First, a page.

Leucospermum 'Spider'

 We purchased Leucospermum 'Spider' at the Ruth Bancroft Garden when we visited in October.  The first flower is now opening.  

Those thready things are "styles", at the end of which are anthers, which produce pollen.  On 'Spider', the anthers are distinctly fuzzy.  The anthers of 'Yellow Bird', another of our Leucospermums, appear smoother.  
One 'Spider' that won't give anyone the creeps.  Or at least hardly anyone.   The plant is young and small, so it's temporarily fenced off.  It has new growth as well as a flower.  Though rabbits have taken no interest in the other Leucospermums, protecting a young and newly planted shrub provides peace of mind.  Doesn't cost anything; doesn't hurt.   

'Spider' took over the space formerly occupied by a variegated Ceanothus, which after several years trial, was only so-so. 
 Several days on, 'Spider's flowers are more developed.
 Nice.  Me likey.
 Speaking of 'Yellow Bird'--it continues its effort to take over half the front slope. 
 I think I need to move more plants. 

Comments

  1. Such a big flower for a little plant. Me likey too.

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  2. I'm so jealous! My one and only Leucospermum is still doing nothing - except not dying, which I guess I should count as something. Was the displaced Ceanothus 'Diamond Heights'? I've given up on that one myself (for the third and final time). Happy gardening! It's pleasant out there right now, at least when the sun warms things up a bit.

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    1. Perhaps the rain will get your Leucospermum growing. Rain, as we know, is magic.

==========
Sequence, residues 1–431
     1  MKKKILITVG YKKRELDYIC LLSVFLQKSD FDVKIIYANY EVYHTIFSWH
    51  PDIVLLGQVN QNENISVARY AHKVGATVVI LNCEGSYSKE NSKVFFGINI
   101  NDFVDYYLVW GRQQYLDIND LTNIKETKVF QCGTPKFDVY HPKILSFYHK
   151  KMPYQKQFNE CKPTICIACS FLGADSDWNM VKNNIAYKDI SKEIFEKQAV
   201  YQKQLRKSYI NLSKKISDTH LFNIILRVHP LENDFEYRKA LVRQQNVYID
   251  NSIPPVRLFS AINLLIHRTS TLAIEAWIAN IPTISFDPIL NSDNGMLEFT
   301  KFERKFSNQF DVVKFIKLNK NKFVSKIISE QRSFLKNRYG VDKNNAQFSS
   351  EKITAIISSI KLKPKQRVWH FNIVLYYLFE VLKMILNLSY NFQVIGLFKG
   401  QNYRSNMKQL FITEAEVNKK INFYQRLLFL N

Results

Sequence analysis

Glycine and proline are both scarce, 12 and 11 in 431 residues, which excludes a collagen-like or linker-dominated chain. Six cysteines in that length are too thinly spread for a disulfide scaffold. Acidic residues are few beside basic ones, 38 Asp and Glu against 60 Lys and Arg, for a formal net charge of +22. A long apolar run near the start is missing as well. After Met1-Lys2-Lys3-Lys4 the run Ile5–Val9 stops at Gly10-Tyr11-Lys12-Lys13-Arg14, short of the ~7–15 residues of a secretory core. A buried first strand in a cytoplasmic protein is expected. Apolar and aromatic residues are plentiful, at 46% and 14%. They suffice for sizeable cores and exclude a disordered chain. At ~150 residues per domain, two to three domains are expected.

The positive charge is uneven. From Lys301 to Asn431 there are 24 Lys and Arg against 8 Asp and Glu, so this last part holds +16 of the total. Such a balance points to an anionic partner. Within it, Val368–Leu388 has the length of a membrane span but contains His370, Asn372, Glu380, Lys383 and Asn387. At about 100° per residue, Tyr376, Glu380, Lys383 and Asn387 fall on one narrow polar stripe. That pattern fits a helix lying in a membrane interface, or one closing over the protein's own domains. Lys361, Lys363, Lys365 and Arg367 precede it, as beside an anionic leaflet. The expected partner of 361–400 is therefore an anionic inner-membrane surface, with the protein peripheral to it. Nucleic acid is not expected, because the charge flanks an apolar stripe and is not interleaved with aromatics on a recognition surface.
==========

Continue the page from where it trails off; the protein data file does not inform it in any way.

No, it was 'Lemon Ice'. I tried 'Diamond Heights' twice, killed it twice, have not tried again. Best 'DH's I've seen were in foggy central coast and PNW, so perhaps it is a cool-summer lover?

      Yeah, beautiful outside, and a chance of rain again Friday! Wheee!!!

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  3. I live about 1/2 hour from the Bancroft garden and it inspired me to start more succulents in my yard. I have! Just walked in from the yard and accidentally knocked off a huge stem of one of my favorite succulents while trying to protect from frost...it is grey-blue-green and grows stacking itself on top of itself like a house...do you know this one? What should I do with the now detached and large piece of plant? I don't want to lose it. Thanks! If you have time. Don't want to be a pest.

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    1. Well there are quite a few of the ones that stack, so hard to say, but generally if you let the broken wound on the stem dry out for a few days, you can reroot the piece fairly easily. Put in dry free-draining mix in bright shade and wait for roots; do not water until roots appear; watch and control mealy bugs. If the piece is quite large you can cut into several pieces and root all of them, make sure you stick the lowest part of the stem into the mix, not the part that was originally on top.

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  4. Pretty! I don't envy you having to move plants, especially not if they're agaves. Ouch!!

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    1. Smaller Agaves are actually pretty easy to pop out of the ground. Not much of a root system, and holding on to the roots rather than the plant makes them easy to move. Big Agaves--impossible, more due to weight than spines--forklift required!

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  5. The complexity of that flower reveals itself in the close-ups...stunning!

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    1. All to attract Promerops cafer, three species of Sunbird, and several species of small beetles. Discriminating creatures, no doubt!

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  6. I did try, but I lost them. You inspire me to put a few pincushions on my wish list.

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    Replies
    1. You must have a larger selection that what is available here.

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  7. So beautiful. I'm going it's doing well in its new home.

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